Tag Archives: Bugs

Ladybirds Ate My Wifi

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Lovely wifi eating ladybirds

 

Seriously, you couldn’t make this stuff up.

In Auckland when we lost our internet connection ( and alongside it, very quickly our sanity – #firstworldproblems) it was normally storms, power cuts or greedy teenagers gobbling up our monthly allowance.

But in the almost 2 years since we moved to Paradise, even though we are distinctly of rural setting and have lived through some significant events including earthquake, our wifi has never been affected.

Until today.

A few minutes ago I heard something I never thought I could hear in this life or any other.

Ladybirds had managed to find a way to take up residence in the receiver box on the roof and block the signal. Not just any old insects or ( as expected) likely  rodents….., no, these were ladybirds. About 50 of them.

And then the clincher, “ and this is about the third time I’ve seen this happen over the last few weeks….”, said our straight faced technician. So, serial wifi blockers.

Why is it that the thought of ladybirds gathering in such a way is almost poetic and they are so easily forgiven for the disruption they’ve caused to my ability to work and ( let’s be honest) be on social media today! A mouse gnawing through a cable would receive much harsher comment…and treatment.

So, we may be able to survive earthquake and storm but when it comes to ladybirds, there is no contest.

I’m now off to liberate said clever ladybirds into a new and not so disruptive environment.

Fi

Something’s bugging me

Literally .

Although not just something . I know exactly what it (they) is (are).

There were a few things that failed to make it on to the property particulars when we moved to Marlborough and, more specifically, to Paradise.

One was the wind in late spring / early summer. Although we had visited the area many many times, we must have just hit lucky on avoiding the wind. Windy Wellington – your more beautiful and slightly wine addled neighbour across the Strait can most certainly give you a run for your money on the wind front – at least for part of the year.

But that’s not it.

What’s bugging me is bugs.

Not affecting me personally, but there’s most certainly a fleeting possibility of threat for our precious babies budding out in the vineyard.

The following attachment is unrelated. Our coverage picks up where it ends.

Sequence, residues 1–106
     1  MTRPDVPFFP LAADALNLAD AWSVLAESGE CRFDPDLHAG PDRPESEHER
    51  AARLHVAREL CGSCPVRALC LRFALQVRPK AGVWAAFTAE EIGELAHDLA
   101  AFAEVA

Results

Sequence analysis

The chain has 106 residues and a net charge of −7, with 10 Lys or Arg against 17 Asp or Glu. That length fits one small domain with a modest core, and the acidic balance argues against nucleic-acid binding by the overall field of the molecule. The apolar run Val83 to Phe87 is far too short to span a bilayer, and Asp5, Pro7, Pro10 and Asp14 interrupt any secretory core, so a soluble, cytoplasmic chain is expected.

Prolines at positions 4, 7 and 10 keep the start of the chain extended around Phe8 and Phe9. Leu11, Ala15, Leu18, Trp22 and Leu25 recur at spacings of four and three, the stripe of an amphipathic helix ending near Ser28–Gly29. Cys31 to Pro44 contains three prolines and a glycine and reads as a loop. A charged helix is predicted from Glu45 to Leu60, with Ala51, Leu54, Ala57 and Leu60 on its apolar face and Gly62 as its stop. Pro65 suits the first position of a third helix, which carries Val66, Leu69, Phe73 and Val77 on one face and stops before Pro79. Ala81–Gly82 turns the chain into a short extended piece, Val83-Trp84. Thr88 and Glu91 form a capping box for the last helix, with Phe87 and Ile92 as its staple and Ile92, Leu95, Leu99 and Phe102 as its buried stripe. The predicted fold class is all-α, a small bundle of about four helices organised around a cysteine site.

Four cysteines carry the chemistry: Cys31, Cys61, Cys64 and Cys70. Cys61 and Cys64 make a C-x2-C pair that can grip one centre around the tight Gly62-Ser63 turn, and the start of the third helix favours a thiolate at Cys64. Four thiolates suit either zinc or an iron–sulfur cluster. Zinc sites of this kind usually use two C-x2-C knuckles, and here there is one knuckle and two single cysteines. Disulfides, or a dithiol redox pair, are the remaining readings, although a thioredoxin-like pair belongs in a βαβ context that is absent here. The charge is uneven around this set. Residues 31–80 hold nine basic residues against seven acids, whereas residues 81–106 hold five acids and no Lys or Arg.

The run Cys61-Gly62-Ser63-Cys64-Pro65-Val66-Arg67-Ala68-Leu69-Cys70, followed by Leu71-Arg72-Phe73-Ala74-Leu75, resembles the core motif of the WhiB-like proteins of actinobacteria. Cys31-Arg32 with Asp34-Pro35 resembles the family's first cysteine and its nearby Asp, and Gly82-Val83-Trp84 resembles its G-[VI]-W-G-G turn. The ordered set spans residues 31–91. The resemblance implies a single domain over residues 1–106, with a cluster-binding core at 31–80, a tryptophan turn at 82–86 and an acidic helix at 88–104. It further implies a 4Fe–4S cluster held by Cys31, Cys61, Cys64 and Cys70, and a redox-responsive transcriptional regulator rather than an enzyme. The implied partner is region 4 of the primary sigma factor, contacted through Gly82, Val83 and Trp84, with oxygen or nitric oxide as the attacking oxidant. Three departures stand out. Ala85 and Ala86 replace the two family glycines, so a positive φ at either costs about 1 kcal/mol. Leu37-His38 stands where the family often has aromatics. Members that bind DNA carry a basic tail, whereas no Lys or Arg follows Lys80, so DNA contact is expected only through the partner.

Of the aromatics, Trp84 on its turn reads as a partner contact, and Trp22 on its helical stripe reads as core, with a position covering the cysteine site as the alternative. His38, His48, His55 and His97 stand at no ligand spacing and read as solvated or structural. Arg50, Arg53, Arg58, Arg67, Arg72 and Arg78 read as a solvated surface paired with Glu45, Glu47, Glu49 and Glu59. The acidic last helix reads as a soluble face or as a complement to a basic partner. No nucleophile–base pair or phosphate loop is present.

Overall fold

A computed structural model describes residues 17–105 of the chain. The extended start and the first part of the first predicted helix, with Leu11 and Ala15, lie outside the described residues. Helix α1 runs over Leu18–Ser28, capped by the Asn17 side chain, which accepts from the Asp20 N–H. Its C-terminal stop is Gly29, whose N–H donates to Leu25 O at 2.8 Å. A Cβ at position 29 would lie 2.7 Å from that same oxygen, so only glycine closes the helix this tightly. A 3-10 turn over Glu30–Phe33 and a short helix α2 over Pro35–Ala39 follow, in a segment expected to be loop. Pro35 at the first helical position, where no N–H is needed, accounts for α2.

At a certain time of year (now) , the brown beetles or May bugs ( creatively named after their annual appearance in the northern hemisphere ) awaken from neighbouring paddocks to strike fear into the hearts and pockets of grape growers. The bugs choose to burst into life as the sun sets on beautiful days and, from nearby paddocks, aim for the moon and land on the vines. If they get their chance they will then happily procreate and eat their way through the leaves and buds, potentially causing damage.

My first reaction on hearing about our unknown challenge  was confidence that there must be something that could deter them ( or more accurately blitz them into oblivion). But being organic, with a karma-esque attitude to living things, we have found our options are limited.

So, our ritual now is an enforced walk of the vineyard every night as darkness creeps in. Torches in hand, we inspect the leaves and flick the bugs to the ground, where they can no longer do any damage.

No matter how many times we are told by those who have considerable experience in this : “ you’ll know when you have a problem” – ( thankfully, we haven’t found out so far) – we still spend our time cursing the little bug(ger)s and counting how many we knock off. Although a swarm in the thousands is what we are told will indicate an issue (?!) , we still feel the overwhelming need to protect our babies and that’s where it gets compulsive. We are the equivalent of first-time parents. Anxious to do the right thing but no experience yet to give us any real perspective. Being told that we are probably the only growers paying such attention is little comfort.

Although small numbers of bugs will not cause damage, the very fact they are there ‘bugs’ M & I . So we currently spend our evenings knocking as many off leaves as we can, while acknowledging nightly that we can’t get around every single vine.

But we still try.

A good friend who is born and bred in both the area and the industry and therefore experienced in such matters, not so reassuringly said to me, “ you really don’t have a problem until they’re mating on your eyeballs….” .

Now there’s a less than comforting thought to hold for the next few weeks…..

But. 

And there’s always a but!

This has given us the pleasure of having a nightly walk together under glorious inky skies. The doodles happily chase hedgehogs and whatever else they pick up a scent on. We talk. We appreciate our surroundings. We count blessings.

Welcome to Paradise !

Yours (hopefully) bug free,

Fi

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The little                  brown bug(ger)s!